Three GOP senators help save the day for nation’s healthcare

WASHINGTON, DC – JULY 28: Sen. John McCain (R-AZ) leaves the the Senate chamber at the U.S. Capitol after voting on the GOP ‘Skinny Repeal’ health care bill on July 28, 2017 in Washington, DC. Three Senate Republicans voted no to block a stripped-down, or ‘Skinny Repeal,’ version of Obamacare reform. (Photo by Justin Sullivan/Getty Images)

 

Early Friday morning, in the well of the U.S. Senate, President Donald Trump and his band of playground bullies finally met their match: Two women and a real man.

The trio, Sens. Susan Collins of Maine, Lisa Murkowski of Alaska and John McCain of Arizona, all Republicans, joined a unified Democratic opposition to kill the so-called “skinny repeal” of Obamacare, 51-48.

For now and perhaps for good, in one of the most dramatic votes witnessed in recent years, the seven-year push by the GOP to repeal and replace or simply repeal the Affordable Care Act has collapsed.

The failed effort paves the way for something incredible to happen that Americans have been clamoring for in their government: A bipartisan approach to fixing the nation’s healthcare system. As we said in previous editorials, Obamacare needs to be shored up, stabilizing insurance markets that have in some places abandoned consumers or left them with few insurers to choose from. Premiums for middle- or upper-income earners also need to be curbed.

The GOP’s skinny repeal, orchestrated in secret by Senate Majority Leader Mitch McConnell, was anything but skinny: As it was laid out, it would have caused chaos in the health insurance markets and premiums to soar, mostly by eliminating the mandate for Americans to buy or get health insurance, but also by wiping out the medical device tax.

Without mandates and penalties to back them up, many people, and particularly younger and healthier Americans, likely would forego health insurance or buy scaled down insurance. Such a system defies the basic principles of insurance that spreads risk among all – young, old and healthy and sick – to keep premiums and costs manageable.

In all, 16 million additional people would be without health insurance by 2026, according to an analysis by the nonpartisan Congressional Budget Office. The CBO also estimated that premiums in the individual market would increase by 20 percent compared to current law in all years between 2018 and 2026.

Without a true fix, the GOP led by Trump had to resort to masquerade plans that were dressed up to look like something they weren’t. Desperate to keep promises made over seven years, including by Trump on the campaign trail, they threw anything out. But in the end, nothing stuck to the Senate wall.

All of the proposals Republicans forwarded would have resulted in tens of millions of Americans losing coverage with the working poor, disabled, and folks with preexisting conditions and middle-aged — who are too young for Medicare and too rich for Medicaid — bearing the loss. That should have been unacceptable to McConnell and House Speaker Paul Ryan.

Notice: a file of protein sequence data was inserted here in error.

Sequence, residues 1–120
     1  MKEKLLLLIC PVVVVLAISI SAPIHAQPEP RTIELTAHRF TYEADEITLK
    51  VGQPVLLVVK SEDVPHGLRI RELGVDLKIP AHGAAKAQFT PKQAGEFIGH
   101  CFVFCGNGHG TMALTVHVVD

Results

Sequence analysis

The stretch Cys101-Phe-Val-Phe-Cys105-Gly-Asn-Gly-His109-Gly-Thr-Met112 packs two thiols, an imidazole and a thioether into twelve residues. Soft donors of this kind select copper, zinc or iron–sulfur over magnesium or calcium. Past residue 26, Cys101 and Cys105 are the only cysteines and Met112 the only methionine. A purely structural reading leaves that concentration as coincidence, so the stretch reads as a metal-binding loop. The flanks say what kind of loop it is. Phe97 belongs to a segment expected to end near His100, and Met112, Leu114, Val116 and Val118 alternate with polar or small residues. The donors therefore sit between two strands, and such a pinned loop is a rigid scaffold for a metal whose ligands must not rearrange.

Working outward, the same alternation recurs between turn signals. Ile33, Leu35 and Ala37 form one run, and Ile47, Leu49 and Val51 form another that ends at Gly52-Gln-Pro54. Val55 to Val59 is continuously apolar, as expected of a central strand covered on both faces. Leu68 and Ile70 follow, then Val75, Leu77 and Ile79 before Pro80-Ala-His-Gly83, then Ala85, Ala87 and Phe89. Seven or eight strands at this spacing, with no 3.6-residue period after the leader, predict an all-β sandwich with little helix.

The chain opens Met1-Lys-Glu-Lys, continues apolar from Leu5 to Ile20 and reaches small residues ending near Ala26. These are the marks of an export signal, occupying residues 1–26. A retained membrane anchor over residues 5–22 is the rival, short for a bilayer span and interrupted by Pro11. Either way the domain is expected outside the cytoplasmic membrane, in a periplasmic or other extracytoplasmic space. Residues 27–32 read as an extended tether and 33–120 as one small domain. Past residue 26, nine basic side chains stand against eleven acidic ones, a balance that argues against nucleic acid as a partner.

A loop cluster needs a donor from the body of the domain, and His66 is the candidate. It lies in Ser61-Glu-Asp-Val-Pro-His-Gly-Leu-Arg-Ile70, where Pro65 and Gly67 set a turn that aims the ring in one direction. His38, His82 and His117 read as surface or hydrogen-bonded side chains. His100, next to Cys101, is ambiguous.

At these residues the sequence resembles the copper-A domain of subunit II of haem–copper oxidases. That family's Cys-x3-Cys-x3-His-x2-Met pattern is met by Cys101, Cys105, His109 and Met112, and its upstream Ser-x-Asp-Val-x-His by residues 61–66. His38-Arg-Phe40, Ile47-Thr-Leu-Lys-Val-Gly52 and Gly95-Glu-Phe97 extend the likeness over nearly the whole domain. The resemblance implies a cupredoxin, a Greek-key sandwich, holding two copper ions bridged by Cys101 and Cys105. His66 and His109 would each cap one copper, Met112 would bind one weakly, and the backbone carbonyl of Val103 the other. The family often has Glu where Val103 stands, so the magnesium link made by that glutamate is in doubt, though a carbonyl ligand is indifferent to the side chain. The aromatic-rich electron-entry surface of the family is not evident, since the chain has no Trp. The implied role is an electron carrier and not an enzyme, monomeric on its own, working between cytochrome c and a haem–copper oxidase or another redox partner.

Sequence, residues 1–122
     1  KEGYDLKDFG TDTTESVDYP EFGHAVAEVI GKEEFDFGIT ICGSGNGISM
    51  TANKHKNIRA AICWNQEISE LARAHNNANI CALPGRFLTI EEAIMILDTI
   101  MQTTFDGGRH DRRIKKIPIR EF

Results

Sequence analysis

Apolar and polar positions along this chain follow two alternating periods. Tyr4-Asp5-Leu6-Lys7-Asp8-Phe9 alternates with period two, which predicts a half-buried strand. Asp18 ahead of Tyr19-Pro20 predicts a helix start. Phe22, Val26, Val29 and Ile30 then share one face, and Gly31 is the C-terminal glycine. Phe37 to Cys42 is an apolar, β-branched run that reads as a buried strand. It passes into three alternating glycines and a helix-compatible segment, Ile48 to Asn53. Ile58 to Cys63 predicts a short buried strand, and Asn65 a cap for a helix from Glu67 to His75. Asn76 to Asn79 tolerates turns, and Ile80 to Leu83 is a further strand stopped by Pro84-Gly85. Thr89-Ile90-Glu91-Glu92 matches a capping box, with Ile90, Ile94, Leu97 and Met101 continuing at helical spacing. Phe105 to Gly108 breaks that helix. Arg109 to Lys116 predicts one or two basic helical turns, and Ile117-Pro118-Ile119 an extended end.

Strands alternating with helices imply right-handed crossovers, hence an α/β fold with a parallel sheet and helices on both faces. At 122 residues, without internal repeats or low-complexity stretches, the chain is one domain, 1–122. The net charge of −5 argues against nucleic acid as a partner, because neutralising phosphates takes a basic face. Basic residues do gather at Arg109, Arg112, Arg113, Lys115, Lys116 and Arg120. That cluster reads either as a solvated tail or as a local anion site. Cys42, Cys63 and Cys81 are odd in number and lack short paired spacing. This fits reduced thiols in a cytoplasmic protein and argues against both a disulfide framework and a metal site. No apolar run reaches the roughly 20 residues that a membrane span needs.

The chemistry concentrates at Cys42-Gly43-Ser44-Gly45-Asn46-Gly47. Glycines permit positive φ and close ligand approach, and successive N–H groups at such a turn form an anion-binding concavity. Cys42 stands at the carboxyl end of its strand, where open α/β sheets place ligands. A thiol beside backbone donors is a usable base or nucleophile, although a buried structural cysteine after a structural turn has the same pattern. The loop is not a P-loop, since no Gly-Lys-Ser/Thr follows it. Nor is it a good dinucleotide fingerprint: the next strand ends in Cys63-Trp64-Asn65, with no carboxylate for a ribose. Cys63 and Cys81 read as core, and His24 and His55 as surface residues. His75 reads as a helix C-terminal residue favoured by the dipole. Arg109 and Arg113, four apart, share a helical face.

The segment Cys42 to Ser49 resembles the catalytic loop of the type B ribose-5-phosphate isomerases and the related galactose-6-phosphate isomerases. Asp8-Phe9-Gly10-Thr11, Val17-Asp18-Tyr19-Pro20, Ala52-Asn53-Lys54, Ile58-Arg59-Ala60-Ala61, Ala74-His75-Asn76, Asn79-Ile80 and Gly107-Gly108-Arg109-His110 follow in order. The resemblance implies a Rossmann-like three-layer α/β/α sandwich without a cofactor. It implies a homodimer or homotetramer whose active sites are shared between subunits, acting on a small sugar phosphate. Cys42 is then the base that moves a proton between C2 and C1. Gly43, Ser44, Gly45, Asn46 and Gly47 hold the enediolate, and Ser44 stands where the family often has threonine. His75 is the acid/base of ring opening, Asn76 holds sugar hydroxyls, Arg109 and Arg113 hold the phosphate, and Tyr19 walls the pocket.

But they rolled over for Trump and his minions who took to Twitter with intimidating tweets to Collins and Murkowski, challenges to duels (I wish I were making that up) and threats of holding up federal aid or economic initiatives to Alaska to punish Murkowski for her steadfast opposition to GOP plans.

The ladies demonstrated the kind of leadership the nation needs – and has longed for — to deal with complex issues, particularly in fixing the nation’s healthcare system. Their leadership was a huge contrast with Trump’s governance by intimidation, browbeating and humiliation.

Vice President Mike Pence, who evermore takes on the presence of a sycophant for Trump, showed up in the Senate on Friday to break the tie. But his vote was unnecessary. Collins and Murkowski cast their votes as voting began at 1:24 a.m. McCain in high drama kept his vote under wraps from the public until 1:29 a.m., when he walked on the Senate floor, approached the Senate clerk and gave a thumbs down.

Following his vote, McCain told reporters that he thought voting no “was the right thing to do.”

Explaining his vote, the ailing McCain, who will face a tough road ahead as he is treated for brain cancer, signaled that healthcare reform should be done through bipartisan efforts. He is correct.

“I’ve stated time and time again that one of the major failures of Obamacare was that it was rammed through Congress by Democrats on a strict party-line basis without a single Republican vote.”

“We should not make the mistakes of the past.”

No one knows for sure where things go from here. Unfortunately, the GOP healthcare replacements, bad as they are, seem to rise from the grave like Lazarus.

But for a moment, the nation witnessed a splendid act with two women and a real man standing for what is right against powerful playground bullies. The three put country over politics.

That is what courage and strength look like.